A discussion of certain terrorist activities in Latin America, occurring during the time of the espousal of guerilla warfare by the Fourth International, will be found in section IV.E of this opinion.
The pro-guerilla war faction of the Fourth International (the IMT) began to withdraw from its position in 1976. In 1977 the IMT published a repudiation of the position. At the 1979 World Congress there was an agreement to rescind all documents regarding Latin American guerilla warfare passed at the 1969 and 1974 congresses.
At the time of trial of this action the Fourth International considered itself to be a reasonably unified and functioning organization made up of approximately 50 national sections.
IV.C. Organization of the SWP
The headquarters of the SWP is in New York City. It has branches in various cities throughout the country. As of 1981 the SWP had a membership nationwide of 1,250. The annual budget of the SWP is about $1.5 million.
The highest authority of the SWP is the National Convention, consisting of delegates from the branches. A National Committee is elected by the National Convention and meets two to four times per year. A Political Committee is selected by the National Committee and meets at least weekly. The person who acts as a continuing chief executive of the SWP is the National Secretary. From 1938 to 1953 this office was held by James Cannon; from 1953 to 1972 by Farrell Dobbs; and from 1972 to the time of trial by Jack Barnes.
The SWP, through its local branches, its national committees, and its national convention, carries on a continual course of discussion and debate about official ideological positions. All of this is the subject of prolific writings within the party, particularly in the party's weekly newspaper, The Militant, which is available to the public.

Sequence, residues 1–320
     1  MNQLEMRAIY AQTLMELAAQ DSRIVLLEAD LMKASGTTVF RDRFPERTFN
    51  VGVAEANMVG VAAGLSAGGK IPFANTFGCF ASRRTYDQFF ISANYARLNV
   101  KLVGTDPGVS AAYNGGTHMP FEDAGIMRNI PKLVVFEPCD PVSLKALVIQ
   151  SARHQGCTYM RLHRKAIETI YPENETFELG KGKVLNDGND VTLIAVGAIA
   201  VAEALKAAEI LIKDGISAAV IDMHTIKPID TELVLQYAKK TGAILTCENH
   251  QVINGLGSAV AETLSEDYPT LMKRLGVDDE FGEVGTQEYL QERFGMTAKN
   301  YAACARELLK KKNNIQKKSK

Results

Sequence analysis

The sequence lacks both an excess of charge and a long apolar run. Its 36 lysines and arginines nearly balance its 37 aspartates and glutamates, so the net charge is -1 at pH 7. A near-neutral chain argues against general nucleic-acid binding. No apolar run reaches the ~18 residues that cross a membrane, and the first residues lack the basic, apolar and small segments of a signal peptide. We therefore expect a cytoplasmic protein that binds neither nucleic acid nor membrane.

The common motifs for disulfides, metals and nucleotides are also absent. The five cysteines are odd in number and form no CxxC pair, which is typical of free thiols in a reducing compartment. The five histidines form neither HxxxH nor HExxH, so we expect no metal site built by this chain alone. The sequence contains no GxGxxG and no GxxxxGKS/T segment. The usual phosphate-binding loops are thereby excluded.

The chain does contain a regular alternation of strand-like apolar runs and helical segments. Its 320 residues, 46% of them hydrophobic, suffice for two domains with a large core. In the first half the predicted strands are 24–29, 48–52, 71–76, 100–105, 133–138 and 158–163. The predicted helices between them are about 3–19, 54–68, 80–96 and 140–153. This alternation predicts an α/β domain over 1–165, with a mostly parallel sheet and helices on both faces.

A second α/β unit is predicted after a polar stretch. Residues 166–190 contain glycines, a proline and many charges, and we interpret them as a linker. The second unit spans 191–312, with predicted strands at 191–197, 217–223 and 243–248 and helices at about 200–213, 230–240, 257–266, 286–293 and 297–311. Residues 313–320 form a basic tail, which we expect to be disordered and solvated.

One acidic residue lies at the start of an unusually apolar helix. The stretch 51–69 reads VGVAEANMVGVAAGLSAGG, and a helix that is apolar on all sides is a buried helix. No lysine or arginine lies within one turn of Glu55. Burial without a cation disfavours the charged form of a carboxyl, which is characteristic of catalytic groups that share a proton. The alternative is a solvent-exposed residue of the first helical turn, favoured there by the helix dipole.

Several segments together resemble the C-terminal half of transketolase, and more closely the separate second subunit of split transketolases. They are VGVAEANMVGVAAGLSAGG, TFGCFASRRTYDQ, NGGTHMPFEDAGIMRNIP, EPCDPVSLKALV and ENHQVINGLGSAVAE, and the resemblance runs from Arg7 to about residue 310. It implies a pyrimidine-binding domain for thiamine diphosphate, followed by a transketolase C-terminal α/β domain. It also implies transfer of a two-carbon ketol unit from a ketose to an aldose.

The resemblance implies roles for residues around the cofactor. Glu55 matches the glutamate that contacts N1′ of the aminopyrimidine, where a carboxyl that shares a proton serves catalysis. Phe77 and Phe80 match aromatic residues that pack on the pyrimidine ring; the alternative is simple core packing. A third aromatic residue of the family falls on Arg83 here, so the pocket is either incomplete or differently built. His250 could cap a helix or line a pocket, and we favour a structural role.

The YSA is the youth arm of the SWP. The upper age limit is 29. As of 1981 the YSA had about 500-600 members. About 55% of these were also members of the SWP. The YSA has its headquarters in New York City, and has branches in various other cities.
IV.D. Ideology of the SWP
The SWP subscribes to the political and economic doctrines of Marx and Lenin, as further articulated by Trotsky. The SWP is part of what is known as the Trotskyist movement.
The stated goal of the SWP since its founding has been "the abolition of capitalism through the establishment of a Workers and Farmers Republic." Article II of the SWP Constitution.
The SWP believes that the main feature of history is class conflict -- the conflict between the workers and the capitalists -- and that this conflict will ultimately end with the working class becoming the ruling class.
The SWP believes in the abolition of private ownership of industry, merchandising, finance, and farm production. The SWP would not abolish private ownership of "small" businesses and farms, or of personal property such as homes and automobiles.